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German bees hit the road to avoid genetically manipulated pollen

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German bees hit the road to avoid genetically manipulated pollen
Vital but threatened. Photo:DPA
12:53 CEST+02:00
Bee-keepers in Germany are increasingly taking their buzzing charges on long commuter journeys to the pollen fields – in order to avoid genetically-manipulated (GM) corn which can contaminate honey.

The GM pollen collected by bees from GM corn makes the honey too GM for human consumption, and thus impossible to sell, with big fines and even prison sentences for those who break the rules.

Karl-Heinz Bablok, apiarist in Kaisheim, Bavaria, is getting his bees used to travelling to work after a verdict in the Augsburg administrative court which confirmed that bee-keepers were responsible for keeping their insects out of GM fields.

“I could get up to three years in prison,” Bablok told a journalist from news agency DDP, referring to the penalties for people found selling honey for human consumption with more than four percent GM content.

Manfred Hederer, president of the German Professional Imker Association (DBIB) explained that shops will not take honey that does not come with a signed paper to say it is under four percent GM.

Testing costs around €300 per 10 kilo pot, making it easier to drive bees away from GM crops than get every pot tested.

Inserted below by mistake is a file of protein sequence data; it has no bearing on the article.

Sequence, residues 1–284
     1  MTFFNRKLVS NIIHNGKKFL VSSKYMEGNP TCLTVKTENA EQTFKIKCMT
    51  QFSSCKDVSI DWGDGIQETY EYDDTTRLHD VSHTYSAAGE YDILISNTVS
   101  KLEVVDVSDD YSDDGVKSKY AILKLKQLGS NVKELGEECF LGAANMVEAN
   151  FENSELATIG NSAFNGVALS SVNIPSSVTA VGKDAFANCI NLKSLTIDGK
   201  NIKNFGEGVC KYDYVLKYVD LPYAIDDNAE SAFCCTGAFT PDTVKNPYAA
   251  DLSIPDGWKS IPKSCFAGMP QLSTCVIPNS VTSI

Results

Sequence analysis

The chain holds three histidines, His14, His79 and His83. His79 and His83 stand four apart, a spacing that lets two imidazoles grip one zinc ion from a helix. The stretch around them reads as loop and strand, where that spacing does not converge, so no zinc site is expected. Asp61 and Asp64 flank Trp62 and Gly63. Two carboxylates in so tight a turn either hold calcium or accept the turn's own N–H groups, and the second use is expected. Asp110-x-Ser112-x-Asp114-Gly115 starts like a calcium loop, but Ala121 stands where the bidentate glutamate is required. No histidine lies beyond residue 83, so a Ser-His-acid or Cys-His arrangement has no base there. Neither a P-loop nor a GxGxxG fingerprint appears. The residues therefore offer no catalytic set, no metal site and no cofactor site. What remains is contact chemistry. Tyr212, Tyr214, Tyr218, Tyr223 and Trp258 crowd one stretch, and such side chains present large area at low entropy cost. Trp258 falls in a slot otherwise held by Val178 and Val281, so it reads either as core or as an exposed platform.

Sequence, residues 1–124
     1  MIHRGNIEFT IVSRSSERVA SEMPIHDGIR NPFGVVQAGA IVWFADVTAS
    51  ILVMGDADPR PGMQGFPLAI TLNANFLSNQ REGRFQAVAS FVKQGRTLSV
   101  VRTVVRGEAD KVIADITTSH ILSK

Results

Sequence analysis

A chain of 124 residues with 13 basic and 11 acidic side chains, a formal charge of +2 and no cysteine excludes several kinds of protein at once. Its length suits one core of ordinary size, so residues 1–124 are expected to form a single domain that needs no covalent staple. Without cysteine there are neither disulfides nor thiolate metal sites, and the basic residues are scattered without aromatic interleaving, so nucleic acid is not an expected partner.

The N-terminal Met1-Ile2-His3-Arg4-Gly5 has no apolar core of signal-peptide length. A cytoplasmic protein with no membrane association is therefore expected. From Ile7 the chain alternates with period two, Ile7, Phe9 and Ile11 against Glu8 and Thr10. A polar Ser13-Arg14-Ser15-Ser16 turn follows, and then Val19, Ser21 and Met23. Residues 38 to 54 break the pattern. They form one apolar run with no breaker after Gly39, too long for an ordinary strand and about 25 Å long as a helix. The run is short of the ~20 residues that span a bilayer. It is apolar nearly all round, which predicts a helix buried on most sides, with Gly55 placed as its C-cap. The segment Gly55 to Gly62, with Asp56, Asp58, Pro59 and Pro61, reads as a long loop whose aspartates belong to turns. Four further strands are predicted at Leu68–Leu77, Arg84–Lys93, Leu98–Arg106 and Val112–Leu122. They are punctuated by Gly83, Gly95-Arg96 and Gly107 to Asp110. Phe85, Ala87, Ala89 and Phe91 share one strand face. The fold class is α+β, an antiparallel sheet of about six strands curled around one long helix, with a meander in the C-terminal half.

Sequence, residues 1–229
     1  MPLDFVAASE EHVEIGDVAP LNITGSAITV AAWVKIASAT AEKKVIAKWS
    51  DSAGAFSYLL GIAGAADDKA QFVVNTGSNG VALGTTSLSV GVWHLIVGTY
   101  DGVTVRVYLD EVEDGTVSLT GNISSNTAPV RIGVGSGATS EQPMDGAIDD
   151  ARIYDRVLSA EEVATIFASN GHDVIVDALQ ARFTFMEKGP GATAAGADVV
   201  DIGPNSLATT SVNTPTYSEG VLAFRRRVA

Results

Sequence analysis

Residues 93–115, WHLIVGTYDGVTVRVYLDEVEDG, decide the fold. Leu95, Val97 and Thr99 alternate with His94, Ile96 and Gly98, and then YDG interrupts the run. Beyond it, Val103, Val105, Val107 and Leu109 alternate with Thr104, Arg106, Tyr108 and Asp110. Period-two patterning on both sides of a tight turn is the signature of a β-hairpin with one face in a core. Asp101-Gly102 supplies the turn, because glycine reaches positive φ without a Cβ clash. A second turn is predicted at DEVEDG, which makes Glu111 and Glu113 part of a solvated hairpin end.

Bablok drives his bees more than 10 kilometres and sets them up with hives there, so they are unlikely to collect GM pollen. But this is expensive. “Apart from anything else, I need new housing for them, which can sit outside in the open," Bablok said. "Each one of these costs around €100 and I need 17 of them.”

He said the travel to check them, which he needs to do at least four times a week, also mounts up.

Bablok said many apiarists in the region had already given up their businesses, either due to the costs or because their bees had died off. “Whether there is a connection to the GM fields or not I cannot say, I am not a scientist,” he said.

Heike Moldenhauer, GM expert at the nature protection group BUND, suggested the apiarists start putting on commercial pressure to make their problems more widely appreciated.

She said, “If the bees are no longer available for pollination, there will, for example, be no more fruit or grain.”

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